provisions for authorized state and tribal renovation programs, and 
minor revisions to the training and certification requirements for 
renovators. EPA also promulgated clarifications to the requirements for 
vertical containment on exterior renovation projects, the prohibited or 
restricted work practice provisions, and the requirements for high-
efficiency particulate air (HEPA) vacuums.
    Timetable:

------------------------------------------------------------------------
               Action                    Date            FR Cite
------------------------------------------------------------------------
NPRM................................   05/06/10  75 FR 25038
NPRM Extension of Comment Period....   07/07/10  75 FR 38959
Final Action........................   08/05/11  76 FR 47918
------------------------------------------------------------------------

    Regulatory Flexibility Analysis Required: Yes.
    Agency Contact: Cindy Wheeler, Environmental Protection Agency, 
Office of Chemical Safety and Pollution Prevention, 7404T, Washington, 
DC 20460, Phone: 202 566-0484, Email: wheeler.cindy@epa.gov.
    Michelle Price, Environmental Protection Agency, Office of Chemical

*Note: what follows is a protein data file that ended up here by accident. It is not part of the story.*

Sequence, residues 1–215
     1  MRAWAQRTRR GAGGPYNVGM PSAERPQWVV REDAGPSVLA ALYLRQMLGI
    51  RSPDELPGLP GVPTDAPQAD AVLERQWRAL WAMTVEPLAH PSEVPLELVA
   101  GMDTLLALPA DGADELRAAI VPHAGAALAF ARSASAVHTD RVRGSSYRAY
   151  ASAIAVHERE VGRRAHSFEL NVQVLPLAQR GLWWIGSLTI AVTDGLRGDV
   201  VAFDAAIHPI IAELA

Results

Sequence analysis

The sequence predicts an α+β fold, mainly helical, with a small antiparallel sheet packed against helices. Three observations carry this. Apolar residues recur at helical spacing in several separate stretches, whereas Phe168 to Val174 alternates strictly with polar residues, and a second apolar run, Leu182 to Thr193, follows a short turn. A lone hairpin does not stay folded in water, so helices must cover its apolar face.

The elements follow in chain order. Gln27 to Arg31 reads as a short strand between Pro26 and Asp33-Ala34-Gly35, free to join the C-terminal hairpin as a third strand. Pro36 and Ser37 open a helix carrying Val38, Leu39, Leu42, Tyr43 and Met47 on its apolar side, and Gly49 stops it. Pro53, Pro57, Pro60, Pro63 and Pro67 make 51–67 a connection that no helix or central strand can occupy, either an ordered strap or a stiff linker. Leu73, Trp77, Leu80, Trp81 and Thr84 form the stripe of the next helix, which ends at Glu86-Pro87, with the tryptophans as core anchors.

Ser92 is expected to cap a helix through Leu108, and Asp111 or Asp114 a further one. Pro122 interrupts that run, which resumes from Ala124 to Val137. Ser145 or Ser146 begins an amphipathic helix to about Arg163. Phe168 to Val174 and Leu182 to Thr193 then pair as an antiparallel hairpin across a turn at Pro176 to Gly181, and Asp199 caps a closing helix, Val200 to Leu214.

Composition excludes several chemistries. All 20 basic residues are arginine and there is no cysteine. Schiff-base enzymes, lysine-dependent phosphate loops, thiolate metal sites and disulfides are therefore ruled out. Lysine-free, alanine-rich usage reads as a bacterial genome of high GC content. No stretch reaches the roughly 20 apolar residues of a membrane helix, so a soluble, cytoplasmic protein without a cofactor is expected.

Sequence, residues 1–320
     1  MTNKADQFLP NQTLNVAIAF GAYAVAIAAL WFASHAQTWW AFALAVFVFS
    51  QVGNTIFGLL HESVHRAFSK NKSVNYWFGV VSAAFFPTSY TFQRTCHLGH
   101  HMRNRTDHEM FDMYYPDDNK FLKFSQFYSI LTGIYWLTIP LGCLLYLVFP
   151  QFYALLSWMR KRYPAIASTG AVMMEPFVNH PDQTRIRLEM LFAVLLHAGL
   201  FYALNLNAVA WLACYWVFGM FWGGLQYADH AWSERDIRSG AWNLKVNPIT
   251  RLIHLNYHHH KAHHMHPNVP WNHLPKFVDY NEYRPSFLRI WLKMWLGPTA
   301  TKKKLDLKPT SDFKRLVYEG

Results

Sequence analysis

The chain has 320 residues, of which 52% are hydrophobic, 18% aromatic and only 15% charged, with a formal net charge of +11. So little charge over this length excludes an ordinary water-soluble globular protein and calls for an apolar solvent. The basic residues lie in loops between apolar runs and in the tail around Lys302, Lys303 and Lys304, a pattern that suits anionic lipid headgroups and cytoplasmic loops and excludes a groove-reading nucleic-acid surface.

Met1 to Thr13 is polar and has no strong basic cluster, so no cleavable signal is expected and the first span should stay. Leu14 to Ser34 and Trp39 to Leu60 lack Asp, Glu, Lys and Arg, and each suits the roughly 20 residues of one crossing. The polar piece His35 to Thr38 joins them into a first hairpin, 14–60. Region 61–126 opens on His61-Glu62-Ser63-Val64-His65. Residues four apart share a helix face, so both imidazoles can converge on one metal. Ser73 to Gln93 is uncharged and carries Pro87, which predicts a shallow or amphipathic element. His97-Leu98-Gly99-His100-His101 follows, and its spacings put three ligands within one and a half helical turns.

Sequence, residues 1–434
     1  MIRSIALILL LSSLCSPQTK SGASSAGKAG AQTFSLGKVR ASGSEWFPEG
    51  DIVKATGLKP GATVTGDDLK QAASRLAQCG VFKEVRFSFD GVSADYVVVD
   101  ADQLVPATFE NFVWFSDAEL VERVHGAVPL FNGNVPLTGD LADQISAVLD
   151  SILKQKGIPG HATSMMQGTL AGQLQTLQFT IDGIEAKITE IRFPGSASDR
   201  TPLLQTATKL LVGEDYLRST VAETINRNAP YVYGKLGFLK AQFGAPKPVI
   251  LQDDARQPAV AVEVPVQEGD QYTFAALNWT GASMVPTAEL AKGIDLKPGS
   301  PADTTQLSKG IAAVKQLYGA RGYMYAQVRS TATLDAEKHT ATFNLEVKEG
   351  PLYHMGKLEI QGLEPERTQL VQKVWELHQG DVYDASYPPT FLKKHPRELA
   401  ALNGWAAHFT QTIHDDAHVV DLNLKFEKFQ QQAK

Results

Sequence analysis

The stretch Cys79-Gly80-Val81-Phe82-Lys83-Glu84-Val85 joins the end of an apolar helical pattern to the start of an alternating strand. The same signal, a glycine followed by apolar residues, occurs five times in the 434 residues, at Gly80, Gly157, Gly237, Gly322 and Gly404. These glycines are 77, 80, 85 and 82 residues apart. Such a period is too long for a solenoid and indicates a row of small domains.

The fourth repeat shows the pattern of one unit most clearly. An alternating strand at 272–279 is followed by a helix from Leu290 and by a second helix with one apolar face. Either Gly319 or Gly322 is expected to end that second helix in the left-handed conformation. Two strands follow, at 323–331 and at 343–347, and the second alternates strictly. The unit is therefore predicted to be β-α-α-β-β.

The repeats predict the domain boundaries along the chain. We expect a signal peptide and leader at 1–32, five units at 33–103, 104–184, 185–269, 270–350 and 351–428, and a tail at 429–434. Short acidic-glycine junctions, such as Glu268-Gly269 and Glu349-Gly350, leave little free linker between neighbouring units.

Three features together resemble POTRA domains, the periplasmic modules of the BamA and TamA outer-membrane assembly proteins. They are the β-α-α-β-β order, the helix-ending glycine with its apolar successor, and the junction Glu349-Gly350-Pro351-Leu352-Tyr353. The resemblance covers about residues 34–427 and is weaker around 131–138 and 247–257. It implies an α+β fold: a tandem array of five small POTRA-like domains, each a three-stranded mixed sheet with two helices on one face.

Safety and Pollution Prevention, 7404T, Washington, DC 20460, Phone: 
202 566-0744.
    RIN: 2070-AJ57

ENVIRONMENTAL PROTECTION AGENCY (EPA)

Comprehensive Environmental Response, Compensation and Liability Act

Long-Term Actions

443. Financial Responsibility Requirements Under Cercla Section 108(B) 
for Classes of Facilities in the Hard Rock Mining Industry

    Legal Authority: 42 U.S.C. 9601 et seq.; 42 U.S.C. 9608 (b)
    Abstract: Section 108(b) of the Comprehensive Environmental 
Response, Compensation, and Liability Act (CERCLA) of 1980, as amended, 
establishes certain authorities concerning financial responsibility 
requirements. The Agency has identified classes of facilities within 
the Hard Rock mining industry as those for which financial 
responsibility requirements will be first developed. EPA intends to 
include requirements for financial responsibility, as well as 
notification and implementation.
    Timetable:

------------------------------------------------------------------------
               Action                    Date            FR Cite
------------------------------------------------------------------------
Priority Notice.....................   07/28/09  74 FR 37213
NPRM................................   04/00/13  .......................
                                     -----------------------------------
Final Action........................           To Be Determined
------------------------------------------------------------------------

    Regulatory Flexibility Analysis Required: Yes.
    Agency Contact: Ben Lesser, Environmental Protection Agency, Solid 
Waste and Emergency Response, 5302P, Washington, DC 20460, Phone: 703 
308-0314, Email: lesser.ben@epa.gov.
    David Hockey, Environmental Protection Agency, Solid Waste and 
Emergency Response, 5303P, Washington, DC 20460, Phone: 703 308-8846, 
Email: hockey.david@epa.gov.
    RIN: 2050-AG61